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Global Ocean Observing for Earth Day

To better care for our Earth and mitigate the effects of climate change, we must first look to the ocean. This Earth Day, we invite you to learn more about NOAA’s contributions to the global ocean observing system.

Every day, millions of ocean measurements are collected from the surface to the seafloor, all across the globe. Ocean information and data are used to improve climate prediction models, weather forecasts, fisheries management, and help scientists better understand how our ocean is changing over time. By absorbing heat and carbon from the atmosphere, the ocean is currently slowing down the impacts of climate change, but this has negative effects on marine life and ecosystems. For decades, scientists have been working together across international boundaries to study our global ocean and develop a global ocean observing system. This system is made up of a variety of instruments that collect ocean data and all the people who contribute their ideas, research and passion for ocean science to improve our world.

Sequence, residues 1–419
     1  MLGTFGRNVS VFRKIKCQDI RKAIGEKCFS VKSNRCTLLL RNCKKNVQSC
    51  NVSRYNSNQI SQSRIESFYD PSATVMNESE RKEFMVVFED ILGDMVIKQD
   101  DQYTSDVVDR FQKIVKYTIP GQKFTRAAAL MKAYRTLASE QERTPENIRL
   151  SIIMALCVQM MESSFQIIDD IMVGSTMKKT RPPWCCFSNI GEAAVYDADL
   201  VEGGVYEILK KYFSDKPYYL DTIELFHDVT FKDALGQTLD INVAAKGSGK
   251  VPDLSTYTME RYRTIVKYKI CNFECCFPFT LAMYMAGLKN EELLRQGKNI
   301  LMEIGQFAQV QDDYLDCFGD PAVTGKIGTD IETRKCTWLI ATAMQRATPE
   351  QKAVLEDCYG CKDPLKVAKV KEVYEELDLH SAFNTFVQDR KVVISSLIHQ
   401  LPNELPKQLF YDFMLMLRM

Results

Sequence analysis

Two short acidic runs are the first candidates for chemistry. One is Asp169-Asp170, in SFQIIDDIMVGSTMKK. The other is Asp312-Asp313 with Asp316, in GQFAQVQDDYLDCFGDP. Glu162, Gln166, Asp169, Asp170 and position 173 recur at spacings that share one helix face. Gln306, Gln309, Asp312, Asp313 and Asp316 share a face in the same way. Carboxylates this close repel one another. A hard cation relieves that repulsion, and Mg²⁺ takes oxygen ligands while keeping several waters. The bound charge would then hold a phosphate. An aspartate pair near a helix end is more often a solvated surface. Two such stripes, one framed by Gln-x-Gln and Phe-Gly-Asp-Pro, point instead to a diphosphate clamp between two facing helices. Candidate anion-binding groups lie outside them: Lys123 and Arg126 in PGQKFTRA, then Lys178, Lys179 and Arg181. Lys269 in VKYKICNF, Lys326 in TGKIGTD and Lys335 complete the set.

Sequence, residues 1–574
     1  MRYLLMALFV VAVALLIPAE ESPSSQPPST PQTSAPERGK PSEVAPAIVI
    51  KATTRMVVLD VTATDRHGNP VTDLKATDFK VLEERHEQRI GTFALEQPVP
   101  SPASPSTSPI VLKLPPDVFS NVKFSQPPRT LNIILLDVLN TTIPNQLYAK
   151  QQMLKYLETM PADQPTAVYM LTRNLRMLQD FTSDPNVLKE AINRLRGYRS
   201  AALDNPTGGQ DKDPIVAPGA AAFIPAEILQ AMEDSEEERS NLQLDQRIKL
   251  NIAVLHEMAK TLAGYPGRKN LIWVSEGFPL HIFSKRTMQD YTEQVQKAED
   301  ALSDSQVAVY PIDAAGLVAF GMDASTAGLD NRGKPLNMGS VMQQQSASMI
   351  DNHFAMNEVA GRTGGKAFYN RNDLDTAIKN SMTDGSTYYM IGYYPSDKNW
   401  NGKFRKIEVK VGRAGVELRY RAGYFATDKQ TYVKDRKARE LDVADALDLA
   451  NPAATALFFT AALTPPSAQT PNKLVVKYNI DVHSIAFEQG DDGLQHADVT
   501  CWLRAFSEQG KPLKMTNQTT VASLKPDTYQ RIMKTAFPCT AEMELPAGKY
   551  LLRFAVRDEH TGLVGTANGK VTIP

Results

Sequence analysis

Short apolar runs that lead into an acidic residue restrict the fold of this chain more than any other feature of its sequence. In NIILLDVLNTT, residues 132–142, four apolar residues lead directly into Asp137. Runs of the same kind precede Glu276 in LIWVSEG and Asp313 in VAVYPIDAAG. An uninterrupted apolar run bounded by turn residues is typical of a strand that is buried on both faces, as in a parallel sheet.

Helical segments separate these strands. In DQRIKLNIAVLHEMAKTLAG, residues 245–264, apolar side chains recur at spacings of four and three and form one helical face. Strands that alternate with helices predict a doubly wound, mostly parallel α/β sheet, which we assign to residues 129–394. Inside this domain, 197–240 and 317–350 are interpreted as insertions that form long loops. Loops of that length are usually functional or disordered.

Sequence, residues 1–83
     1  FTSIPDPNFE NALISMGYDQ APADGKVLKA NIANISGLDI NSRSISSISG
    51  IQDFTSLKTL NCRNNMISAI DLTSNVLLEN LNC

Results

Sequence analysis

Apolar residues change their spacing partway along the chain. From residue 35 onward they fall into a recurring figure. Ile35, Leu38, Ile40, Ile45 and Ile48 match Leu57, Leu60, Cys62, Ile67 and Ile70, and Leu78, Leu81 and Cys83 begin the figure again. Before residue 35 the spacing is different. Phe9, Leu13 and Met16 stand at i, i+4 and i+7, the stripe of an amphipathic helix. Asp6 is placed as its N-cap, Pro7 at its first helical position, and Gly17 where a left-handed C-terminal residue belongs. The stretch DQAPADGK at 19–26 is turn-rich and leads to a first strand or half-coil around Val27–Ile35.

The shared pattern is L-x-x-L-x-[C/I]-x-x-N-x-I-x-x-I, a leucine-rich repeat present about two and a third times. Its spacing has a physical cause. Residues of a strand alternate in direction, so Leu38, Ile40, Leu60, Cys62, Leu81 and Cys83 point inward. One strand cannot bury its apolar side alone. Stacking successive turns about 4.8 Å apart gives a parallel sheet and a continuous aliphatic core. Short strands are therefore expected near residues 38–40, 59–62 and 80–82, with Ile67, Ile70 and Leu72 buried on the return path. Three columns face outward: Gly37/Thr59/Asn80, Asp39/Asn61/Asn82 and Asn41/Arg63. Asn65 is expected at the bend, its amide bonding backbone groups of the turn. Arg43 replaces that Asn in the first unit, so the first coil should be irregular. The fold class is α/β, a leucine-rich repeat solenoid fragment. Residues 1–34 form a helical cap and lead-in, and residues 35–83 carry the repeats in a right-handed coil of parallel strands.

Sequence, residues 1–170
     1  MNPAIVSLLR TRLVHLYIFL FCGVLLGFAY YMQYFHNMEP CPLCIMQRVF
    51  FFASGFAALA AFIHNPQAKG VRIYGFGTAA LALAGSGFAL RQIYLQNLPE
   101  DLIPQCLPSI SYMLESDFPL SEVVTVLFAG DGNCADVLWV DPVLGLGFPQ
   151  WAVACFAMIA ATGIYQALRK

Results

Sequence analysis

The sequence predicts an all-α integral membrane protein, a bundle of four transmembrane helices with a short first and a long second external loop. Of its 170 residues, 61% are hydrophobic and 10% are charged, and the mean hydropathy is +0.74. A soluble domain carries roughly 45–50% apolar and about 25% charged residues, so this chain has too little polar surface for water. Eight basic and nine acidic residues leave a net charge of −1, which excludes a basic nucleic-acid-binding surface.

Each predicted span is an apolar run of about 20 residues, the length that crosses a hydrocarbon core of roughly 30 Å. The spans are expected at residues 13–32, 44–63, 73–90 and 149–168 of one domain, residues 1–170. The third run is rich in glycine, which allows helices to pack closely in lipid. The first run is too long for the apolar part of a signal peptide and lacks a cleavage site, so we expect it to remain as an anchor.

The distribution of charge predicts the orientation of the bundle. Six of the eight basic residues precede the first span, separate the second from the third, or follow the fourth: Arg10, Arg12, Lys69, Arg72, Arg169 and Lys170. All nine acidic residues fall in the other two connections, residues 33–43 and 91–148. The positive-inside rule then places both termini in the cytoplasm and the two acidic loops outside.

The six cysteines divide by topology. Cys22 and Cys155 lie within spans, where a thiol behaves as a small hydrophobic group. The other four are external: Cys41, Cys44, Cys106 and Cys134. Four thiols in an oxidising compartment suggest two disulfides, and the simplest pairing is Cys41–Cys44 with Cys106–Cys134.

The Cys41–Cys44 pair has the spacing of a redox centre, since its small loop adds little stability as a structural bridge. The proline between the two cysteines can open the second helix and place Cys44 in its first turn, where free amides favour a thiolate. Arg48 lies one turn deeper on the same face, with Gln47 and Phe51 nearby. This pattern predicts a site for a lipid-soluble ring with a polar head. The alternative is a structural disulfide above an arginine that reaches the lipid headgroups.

NOAA’s Global Ocean Monitoring and Observing Program supports half the world’s ocean observing research by investing in programs such as Argo, the Global Drifter Program, the Global Tropical Moored Buoy Array, and a variety of data products, such as the Surface Ocean CO2 Atlas, that show us how the ocean is changing over time.

Hear more about the evolution and future vision of the global ocean observing system from some of our partners in Germany, India, Indonesia, South Africa, the United Kingdom, and the United States in our video, Evolution of the Global Ocean Observing System.